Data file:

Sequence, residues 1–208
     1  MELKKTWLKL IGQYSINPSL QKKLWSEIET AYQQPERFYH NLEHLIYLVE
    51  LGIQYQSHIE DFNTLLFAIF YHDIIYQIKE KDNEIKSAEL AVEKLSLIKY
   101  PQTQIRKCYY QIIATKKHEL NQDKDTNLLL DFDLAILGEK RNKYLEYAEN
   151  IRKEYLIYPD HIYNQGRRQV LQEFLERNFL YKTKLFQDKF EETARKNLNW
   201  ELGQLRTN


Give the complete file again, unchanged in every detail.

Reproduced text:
Sequence, residues 1–208
     1  MELKKTWLKL IGQYSINPSL QKKLWSEIET AYQQPERFYH NLEHLIYLVE
    51  LGIQYQSHIE DFNTLLFAIF YHDIIYQIKE KDNEIKSAEL AVEKLSLIKY
   101  PQTQIRKCYY QIIATKKHEL NQDKDTNLLL DFDLAILGEK RNKYLEYAEN
   151  IRKEYLIYPD HIYNQGRRQV LQEFLERNFL YKTKLFQDKF EETARKNLNW
   201  ELGQLRTN